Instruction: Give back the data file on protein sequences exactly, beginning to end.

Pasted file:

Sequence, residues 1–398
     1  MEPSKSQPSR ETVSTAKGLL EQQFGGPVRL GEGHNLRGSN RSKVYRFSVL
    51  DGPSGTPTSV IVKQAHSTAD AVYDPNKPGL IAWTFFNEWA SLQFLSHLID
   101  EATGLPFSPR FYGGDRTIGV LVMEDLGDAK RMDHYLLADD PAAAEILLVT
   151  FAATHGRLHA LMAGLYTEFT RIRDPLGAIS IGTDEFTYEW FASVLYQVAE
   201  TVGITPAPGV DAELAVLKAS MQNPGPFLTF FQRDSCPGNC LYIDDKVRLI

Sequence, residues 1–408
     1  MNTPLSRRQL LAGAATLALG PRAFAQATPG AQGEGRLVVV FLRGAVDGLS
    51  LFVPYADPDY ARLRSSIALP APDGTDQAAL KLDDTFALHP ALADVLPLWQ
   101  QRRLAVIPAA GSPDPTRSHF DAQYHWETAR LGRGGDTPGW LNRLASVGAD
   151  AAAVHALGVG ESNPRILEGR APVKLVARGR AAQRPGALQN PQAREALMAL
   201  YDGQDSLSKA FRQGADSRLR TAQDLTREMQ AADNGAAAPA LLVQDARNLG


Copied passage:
Sequence, residues 1–398
     1  MEPSKSQPSR ETVSTAKGLL EQQFGGPVRL GEGHNLRGSN RSKVYRFSVL
    51  DGPSGTPTSV IVKQAHSTAD AVYDPNKPGL IAWTFFNEWA SLQFLSHLID
   101  EATGLPFSPR FYGGDRTIGV LVMEDLGDAK RMDHYLLADD PAAAEILLVT
   151  FAATHGRLHA LMAGLYTEFT RIRDPLGAIS IGTDEFTYEW FASVLYQVAE
   201  TVGITPAPGV DAELAVLKAS MQNPGPFLTF FQRDSCPGNC LYIDDKVRLI

Sequence, residues 1–408
     1  MNTPLSRRQL LAGAATLALG PRAFAQATPG AQGEGRLVVV FLRGAVDGLS
    51  LFVPYADPDY ARLRSSIALP APDGTDQAAL KLDDTFALHP ALADVLPLWQ
   101  QRRLAVIPAA GSPDPTRSHF DAQYHWETAR LGRGGDTPGW LNRLASVGAD
   151  AAAVHALGVG ESNPRILEGR APVKLVARGR AAQRPGALQN PQAREALMAL
   201  YDGQDSLSKA FRQGADSRLR TAQDLTREMQ AADNGAAAPA LLVQDARNLG